Opening statements began Monday in the trial for a 2015 East Village explosion that killed two people and left dozens injured.
Building owner Maria Hrynenko, 59, contractor Dilber Kukic, 44 and unlicensed plumber Athanasios “Jerry” Ioannidis, 63, face a slew of charges including manslaughter, second-degree murder, criminally negligent homicide, assault, and reckless endangerment, CBS reports.
Prosecutors say the March 2015 explosion on Second Avenue was caused by an illegal gasline set up by Hrynenko, Kukic, and Ioannidis. The New York Times reported that the trio tapped into the gas line to “service” tenants while the building was getting renovated.
They face up to 15 years in prison if convicted.
Hrynenko hired Kukic to renovate the apartments, and his work was completed in 2014; however, Con Edison did not approve the gas lines.
Residents, who were reportedly paying upwards of $6,000 per month in rent, started to smell gas in the building, and that’s was when workers found that the residence had been using gas lines from the sushi restaurant on the ground floor.
Con Edison turned off the gas for over a week and restored service after the tapping item was removed. Hrynenko owned another building nearby and had rigged the gas lines and pipes for that building as well, prosecutors allege.
Con Edison had issues with the proposed meter location on the day of the explosion.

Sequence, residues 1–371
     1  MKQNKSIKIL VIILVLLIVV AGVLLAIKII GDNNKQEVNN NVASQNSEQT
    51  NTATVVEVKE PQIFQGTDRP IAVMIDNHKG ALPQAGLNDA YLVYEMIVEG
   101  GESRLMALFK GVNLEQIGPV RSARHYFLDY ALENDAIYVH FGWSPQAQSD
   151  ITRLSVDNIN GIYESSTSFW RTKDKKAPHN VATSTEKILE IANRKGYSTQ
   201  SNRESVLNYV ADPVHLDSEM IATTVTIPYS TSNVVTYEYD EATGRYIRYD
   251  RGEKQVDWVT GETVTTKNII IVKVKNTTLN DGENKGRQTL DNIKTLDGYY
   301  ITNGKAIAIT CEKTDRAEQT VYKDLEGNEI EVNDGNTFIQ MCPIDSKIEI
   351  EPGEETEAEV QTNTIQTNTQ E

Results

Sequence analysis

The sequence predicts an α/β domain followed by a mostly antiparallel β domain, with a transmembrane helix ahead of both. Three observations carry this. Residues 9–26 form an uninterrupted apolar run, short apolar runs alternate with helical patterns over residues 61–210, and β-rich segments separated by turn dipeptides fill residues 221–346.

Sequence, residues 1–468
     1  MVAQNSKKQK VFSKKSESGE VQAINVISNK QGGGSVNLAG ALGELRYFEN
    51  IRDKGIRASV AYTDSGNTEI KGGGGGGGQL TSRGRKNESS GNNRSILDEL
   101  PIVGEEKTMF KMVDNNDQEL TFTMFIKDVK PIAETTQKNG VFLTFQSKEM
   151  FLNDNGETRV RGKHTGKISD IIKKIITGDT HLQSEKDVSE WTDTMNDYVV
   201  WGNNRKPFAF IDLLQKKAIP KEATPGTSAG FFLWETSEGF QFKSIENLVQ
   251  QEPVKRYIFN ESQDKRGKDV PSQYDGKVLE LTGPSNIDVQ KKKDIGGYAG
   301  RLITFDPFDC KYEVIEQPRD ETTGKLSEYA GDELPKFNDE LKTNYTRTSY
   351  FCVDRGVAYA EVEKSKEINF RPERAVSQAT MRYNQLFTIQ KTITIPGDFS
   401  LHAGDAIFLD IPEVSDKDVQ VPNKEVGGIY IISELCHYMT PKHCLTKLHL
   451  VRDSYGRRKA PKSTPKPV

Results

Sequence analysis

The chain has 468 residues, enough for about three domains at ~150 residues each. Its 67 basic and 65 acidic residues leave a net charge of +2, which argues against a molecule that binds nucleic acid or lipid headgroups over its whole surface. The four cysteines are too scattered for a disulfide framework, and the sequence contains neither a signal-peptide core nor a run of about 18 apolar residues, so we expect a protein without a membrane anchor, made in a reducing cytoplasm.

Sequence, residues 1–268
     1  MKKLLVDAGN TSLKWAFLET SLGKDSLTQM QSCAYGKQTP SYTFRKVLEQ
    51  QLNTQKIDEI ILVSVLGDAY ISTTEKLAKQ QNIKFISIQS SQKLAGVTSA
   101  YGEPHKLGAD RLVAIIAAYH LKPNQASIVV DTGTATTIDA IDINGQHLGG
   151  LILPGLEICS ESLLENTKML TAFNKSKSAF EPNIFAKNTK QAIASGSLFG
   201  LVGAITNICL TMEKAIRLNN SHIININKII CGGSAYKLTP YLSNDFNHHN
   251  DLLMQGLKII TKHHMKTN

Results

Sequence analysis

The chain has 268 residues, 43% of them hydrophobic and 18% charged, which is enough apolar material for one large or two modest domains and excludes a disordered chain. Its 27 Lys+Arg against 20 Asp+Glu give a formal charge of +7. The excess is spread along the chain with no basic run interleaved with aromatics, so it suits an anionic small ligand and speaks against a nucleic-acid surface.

After the secret line was shut down during Con Edison visit, it was allegedly turned back on by Hrynenko’s son Michael, who did not close the valves in the basement that had been opened by Con Edison.
Later that day, Hrynenko was alerted by a gas smell by the restaurant management. Her son and Kukic went to investigate and were seen on video leaving the building without calling authorities. Shortly after, the explosion happened.
The gas explosion led to a fire, which killed a Moises Ismael Loćon Yac, 27, a busboy at a sushi restaurant and Nicholas Figueroa, 23, a customer. The fire leveled half the block, destroying four buildings on Second Avenue and East Seventh Street.
Hrynenko’s son Michael, 31, managed the building facilities and died in 2017. If he were still alive, he would reportedly also be facing charges. Finally, Andrew Trombettas a licensed plumber, plead guilty to charges earlier this year.